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Why I Attempted to Draw Every Single Building in New York Why I Attempted to Draw Every Single Building in New York

Why I Attempted to Draw Every Single Building in New York

by James Hancock

April 24, 2013

I'm Australian, and we tend to travel a lot. As a visual person, I've always drawn rather than written as I've moved through unfamiliar places. Most places I go I end up obsessively recording some part of it: In Berlin it was the bikes; Montreal the snow; Los Angeles the cars. When I moved to New York it seemed obvious to record the buildings. What started as another traveler's sketchbook, became a personal record of my new home—a map of sorts—that allowed me to embrace a familiar yet personally unexplored place. Everyone knows New York to some extent, a little more than other places, but we know it like a stage set, whether it be Oscar the Grouch's trash cans, the Ghostbuster's fire house, or the Huxtable's stoop. In an attempt to overcome this surreal familiarity I use drawing to stop and study these old friends from my childhood.

A large part of initiating All the Buildings in New York, first a blog, now a book, was to realize these "sets" are interspersed with people living their lives, going to work, and getting a taco from the food truck out front. They are real, lived in. New York is a fascinating mix, you are forced to interact with legends and daily life at the same time, and it is so dense that this typically happens side by side on the same block.

Drawing from life makes me focus on the reality of the things around me and even the things between the things. You start to see the chips in the paint, the mold and the mistakes, the flourishes, everything becomes more manageable and human, not just a massive chaotic web of stuff. There is a process to drawing, that unfolds as you go. My style typically starts at an interesting point and radiates from that, organically filling the page. This process of being drawn in by a detail and then unfurling the reality around that detail on the page is part of what makes my visions unique. These are not perfect drawings. They're not photographs of what's around me, they're memos of how I see things. They show the hum I felt from the building, or how places stand in context of my day.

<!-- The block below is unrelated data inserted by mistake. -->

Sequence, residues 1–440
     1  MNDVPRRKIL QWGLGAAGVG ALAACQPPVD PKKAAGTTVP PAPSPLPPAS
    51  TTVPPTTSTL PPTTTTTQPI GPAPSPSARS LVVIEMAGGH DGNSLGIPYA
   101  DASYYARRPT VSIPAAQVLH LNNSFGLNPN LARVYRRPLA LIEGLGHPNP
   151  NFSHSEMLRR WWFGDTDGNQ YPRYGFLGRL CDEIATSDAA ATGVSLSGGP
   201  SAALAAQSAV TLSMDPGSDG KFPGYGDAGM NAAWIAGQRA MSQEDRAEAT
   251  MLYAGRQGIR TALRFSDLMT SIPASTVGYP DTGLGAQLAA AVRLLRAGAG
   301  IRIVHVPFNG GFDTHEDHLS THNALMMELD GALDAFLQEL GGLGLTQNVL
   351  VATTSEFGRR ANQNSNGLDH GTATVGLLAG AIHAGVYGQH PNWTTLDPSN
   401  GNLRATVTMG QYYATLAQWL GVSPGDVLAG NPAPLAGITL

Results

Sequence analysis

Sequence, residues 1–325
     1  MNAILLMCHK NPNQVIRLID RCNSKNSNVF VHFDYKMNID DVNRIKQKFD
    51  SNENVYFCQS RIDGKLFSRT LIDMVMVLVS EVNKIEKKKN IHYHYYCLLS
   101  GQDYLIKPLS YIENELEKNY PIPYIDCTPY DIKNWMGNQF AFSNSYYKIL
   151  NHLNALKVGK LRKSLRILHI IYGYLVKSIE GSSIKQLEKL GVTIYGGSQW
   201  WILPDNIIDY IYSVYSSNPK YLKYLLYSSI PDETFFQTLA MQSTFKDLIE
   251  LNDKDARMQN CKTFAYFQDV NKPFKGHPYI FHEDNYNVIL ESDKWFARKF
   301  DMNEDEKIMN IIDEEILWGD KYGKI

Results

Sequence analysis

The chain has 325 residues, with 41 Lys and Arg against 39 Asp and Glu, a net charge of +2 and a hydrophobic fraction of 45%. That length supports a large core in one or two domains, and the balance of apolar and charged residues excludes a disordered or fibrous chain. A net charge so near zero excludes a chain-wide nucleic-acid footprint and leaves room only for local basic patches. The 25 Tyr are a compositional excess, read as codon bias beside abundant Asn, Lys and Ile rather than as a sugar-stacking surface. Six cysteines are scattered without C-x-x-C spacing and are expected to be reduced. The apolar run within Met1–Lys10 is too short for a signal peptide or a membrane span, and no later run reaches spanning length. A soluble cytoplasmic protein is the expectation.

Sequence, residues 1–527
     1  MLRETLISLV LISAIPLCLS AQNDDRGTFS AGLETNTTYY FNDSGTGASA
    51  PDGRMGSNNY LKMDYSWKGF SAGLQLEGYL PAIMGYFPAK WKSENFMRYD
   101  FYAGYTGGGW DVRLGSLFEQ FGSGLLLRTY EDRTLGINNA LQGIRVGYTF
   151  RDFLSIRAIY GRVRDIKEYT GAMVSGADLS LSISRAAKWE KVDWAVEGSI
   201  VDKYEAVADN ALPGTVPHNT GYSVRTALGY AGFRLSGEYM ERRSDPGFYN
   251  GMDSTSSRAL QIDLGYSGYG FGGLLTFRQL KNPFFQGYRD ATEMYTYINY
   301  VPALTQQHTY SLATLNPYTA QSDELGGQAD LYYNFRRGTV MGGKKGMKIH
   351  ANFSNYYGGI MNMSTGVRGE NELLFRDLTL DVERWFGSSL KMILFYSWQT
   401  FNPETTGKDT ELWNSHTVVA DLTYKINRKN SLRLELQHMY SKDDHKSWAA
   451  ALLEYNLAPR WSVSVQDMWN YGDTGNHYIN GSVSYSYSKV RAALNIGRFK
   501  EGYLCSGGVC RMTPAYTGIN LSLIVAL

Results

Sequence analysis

Drawing has made New York a richer experience for me, and thanks to the internet I have interacted with native New Yorkers, and visited neighborhoods I wouldn't have otherwise. Initially I largely covered Brooklyn around my Greenpoint studio, and the lower parts of Manhattan where I'd meet friends, so it has been fascinating to go to much less famous streets, and get a broader sense for the way people live in the city.

When I started teaching a junior school class in New York about drawing I was so fascinated to hear about how their lives are cast in three dimensions around the city, with Grandma on the 30th floor on Avenue A, dad in a brownstone, mum above the shop. It's so different from my hometown Sydney, Australia, with backyards, BBQs, and mango tree lined streets.

James Gulliver Hancock is an illustrator originally from Australia, currently based in Brooklyn, New York. In All The Buildings In New York, published by Rizzoli, he attempted to draw..well, all the buildings in New York.

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